On February 21, on the Sunday of the Publican and Pharisee, Rector of St. George Church, Archpriest Igor Tarasov served the Divine Liturgy for our parish community. After the Gospel lesson he preached the following homily in English:
“In today’s reading from the Gospel our Lord tells us that two men went up to the Temple to pray. One of them, who was a public sinner, went home justified. Yet another who was viewed as a just man was condemned. Why? Simply because of their attitudes: the publican has the right attitude. He is asking God for mercy in repentance for his sins of which he is conscious. On the other hand, the Pharisee has the wrong attitude. He is not asking for mercy. On the contrary, he is satisfied with himself. He is under the illusion of being righteous. And he has this illusion merely because he fulfils all the outward observances of the Jewish Law. His piety is all for show, it is all outward and does not come from the heart. We may say that the Pharisee does the right things, but he does them for all the wrong reasons, and thus they lose all their force.”
“The error of the Pharisee is to confuse the means with the ends. Our end, or goal, is to find salvation. There are many means to salvation, to preparing our souls to be with God. However, we should not think that the means to salvation automatically bring salvation, merely because they are outwardly observed. In order to understand this, we first need to know what the means to salvation are.”
“First of all, we have to worship God and pray to Him. True, we can worship and pray to God everywhere, but there is one place where we can be particularly close to Him, and where it is easier to speak to Him in prayer, and that is at church. Only at church are services held in His honor and we can thank Him, worship Him and pray to Him more easily during those services and only at church can we partake of the Sacraments.”
“Secondly, we can deepen our worship of God through reading and obeying His Word, through fasting and through almsgiving. Just as worship, prayer, reading of the Word of God and almsgiving are only means to salvation, and not salvation itself, so fasting too is only a means to drawing closer to God. It is an experience of the spiritual people that fasting helps us to reach certain spiritual state to be closer to our goal of salvation. It is said: “We are what we eat”. It makes sense not only for our body, but for our soul. But fasting is not a goal by itself. The Church therefore does not ask us to fast twelve months of the year. It asks us through Great Lent, the three other Fasts, and Wednesdays and Fridays, to fast for six months of the year. The Church’s approach is balanced. That is why this coming week, there is no fast – to remind us that although salvation is not in fasting, on the other hand, it is also true that fasting for Christ’s sake will help us draw closer to salvation.”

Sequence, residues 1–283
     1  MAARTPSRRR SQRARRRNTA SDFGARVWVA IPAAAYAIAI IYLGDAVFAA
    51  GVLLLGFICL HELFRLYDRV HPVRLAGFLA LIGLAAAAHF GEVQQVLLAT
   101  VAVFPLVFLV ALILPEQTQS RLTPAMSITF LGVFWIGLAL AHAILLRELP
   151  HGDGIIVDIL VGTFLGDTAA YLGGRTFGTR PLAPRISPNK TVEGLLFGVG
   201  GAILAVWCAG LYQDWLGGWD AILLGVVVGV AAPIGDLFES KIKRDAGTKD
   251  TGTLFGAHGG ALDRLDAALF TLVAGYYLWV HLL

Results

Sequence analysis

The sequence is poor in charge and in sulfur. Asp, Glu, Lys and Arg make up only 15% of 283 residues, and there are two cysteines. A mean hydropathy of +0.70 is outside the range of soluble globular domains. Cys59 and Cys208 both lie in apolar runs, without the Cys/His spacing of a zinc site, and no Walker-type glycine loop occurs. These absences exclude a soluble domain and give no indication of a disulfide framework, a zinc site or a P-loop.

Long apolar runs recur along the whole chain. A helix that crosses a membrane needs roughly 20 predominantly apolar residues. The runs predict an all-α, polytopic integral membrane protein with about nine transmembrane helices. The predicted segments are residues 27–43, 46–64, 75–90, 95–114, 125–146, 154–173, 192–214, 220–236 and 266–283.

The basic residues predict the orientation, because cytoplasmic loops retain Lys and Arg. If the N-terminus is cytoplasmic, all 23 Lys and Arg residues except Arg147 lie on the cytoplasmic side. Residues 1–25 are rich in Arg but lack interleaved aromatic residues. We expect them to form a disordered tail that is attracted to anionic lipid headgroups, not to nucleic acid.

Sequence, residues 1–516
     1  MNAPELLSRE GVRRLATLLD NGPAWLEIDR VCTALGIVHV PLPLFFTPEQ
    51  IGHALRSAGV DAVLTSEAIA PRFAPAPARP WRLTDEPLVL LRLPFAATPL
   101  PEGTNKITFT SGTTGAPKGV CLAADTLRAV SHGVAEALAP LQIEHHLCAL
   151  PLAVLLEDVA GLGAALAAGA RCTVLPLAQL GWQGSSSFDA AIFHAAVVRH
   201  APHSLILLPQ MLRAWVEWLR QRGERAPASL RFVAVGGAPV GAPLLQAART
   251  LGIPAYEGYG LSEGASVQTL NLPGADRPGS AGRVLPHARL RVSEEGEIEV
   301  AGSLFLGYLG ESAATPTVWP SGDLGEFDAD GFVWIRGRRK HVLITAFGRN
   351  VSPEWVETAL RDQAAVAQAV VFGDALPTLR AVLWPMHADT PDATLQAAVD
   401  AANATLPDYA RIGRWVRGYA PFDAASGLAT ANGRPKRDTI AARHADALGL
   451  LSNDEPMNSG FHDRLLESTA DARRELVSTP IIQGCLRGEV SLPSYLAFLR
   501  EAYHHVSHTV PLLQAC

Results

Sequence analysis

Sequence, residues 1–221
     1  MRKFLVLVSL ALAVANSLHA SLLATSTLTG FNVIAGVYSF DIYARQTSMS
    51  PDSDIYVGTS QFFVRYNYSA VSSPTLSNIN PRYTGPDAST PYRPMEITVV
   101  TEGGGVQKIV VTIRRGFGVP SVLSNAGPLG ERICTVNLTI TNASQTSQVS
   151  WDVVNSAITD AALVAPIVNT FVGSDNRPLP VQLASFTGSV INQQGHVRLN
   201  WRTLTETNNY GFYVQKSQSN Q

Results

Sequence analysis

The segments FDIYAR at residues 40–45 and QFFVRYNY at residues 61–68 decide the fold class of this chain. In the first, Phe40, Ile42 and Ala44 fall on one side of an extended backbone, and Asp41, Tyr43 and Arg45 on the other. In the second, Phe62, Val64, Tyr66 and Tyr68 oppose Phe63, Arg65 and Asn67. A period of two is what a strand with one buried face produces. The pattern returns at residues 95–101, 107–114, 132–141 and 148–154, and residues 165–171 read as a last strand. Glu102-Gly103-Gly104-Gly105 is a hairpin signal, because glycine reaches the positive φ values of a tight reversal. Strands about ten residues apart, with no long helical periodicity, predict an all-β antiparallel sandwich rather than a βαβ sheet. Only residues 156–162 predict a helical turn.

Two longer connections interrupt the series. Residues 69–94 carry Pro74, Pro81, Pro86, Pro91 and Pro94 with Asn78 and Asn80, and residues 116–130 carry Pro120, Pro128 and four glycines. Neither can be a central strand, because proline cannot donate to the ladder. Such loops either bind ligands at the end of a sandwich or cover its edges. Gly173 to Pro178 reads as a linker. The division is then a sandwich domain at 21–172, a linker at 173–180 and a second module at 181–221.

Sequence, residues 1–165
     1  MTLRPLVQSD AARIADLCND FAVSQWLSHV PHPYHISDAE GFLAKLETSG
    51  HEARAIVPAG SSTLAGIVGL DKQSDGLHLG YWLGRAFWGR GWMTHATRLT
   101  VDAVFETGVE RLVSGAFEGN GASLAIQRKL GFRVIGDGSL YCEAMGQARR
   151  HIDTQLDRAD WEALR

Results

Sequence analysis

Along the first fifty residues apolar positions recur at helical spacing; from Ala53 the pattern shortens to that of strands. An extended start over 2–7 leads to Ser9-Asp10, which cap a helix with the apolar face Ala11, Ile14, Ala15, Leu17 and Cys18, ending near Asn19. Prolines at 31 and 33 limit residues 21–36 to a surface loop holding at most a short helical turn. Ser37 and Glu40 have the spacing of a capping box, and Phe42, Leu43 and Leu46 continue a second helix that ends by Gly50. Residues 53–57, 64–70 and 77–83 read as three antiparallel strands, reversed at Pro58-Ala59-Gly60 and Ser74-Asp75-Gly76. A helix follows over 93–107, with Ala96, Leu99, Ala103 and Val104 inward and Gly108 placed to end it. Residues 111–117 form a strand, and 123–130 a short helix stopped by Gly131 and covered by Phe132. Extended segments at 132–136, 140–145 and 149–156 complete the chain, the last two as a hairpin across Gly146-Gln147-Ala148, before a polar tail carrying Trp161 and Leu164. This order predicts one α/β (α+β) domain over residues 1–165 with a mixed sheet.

““We are what we eat”. We can see this especially clearly in holy Communion. If we come to Communion frequently, we are with Christ and He is with us. But if on the other hand, we never come to Communion, then we shall never be with Christ and He will never be with us: “We are what we eat”.”
“We may come to a conclusion that if we sincerely, from our hearts, worship and pray to God, read His words, fast and give alms, then we are not behaving as the Pharisee, but as the publican, we are asking for mercy, and thus we find justification. Not justification because of our outward actions, but justification through the Mercy of God, which alone makes our salvation possible. In doing all these things, we are actually saying the Prayer of the Publican, which is at the root of the Jesus Prayer: “God, be merciful to me a sinner”. For it is only the Mercy of God, given as a gift to us for our sincerity, which brings us into His presence, bringing us salvation, for our God is merciful and He loves mankind.”
Before the Holy Communion the parish choir prayerfully sang penitential hymns from the Lenten Triodion, the liturgical book the Church begins to use on this Sunday.
Following the dismissal of the Liturgy the Rector preached a brief sermon in Russian pointing out that we should avoid the Pharisee’s attitude of pride but to imitate the Publican’s sense of sinfulness and his repentance. “We should act outwardly like a Pharisee but to think and pray like the Publican,” – concluded the Rector.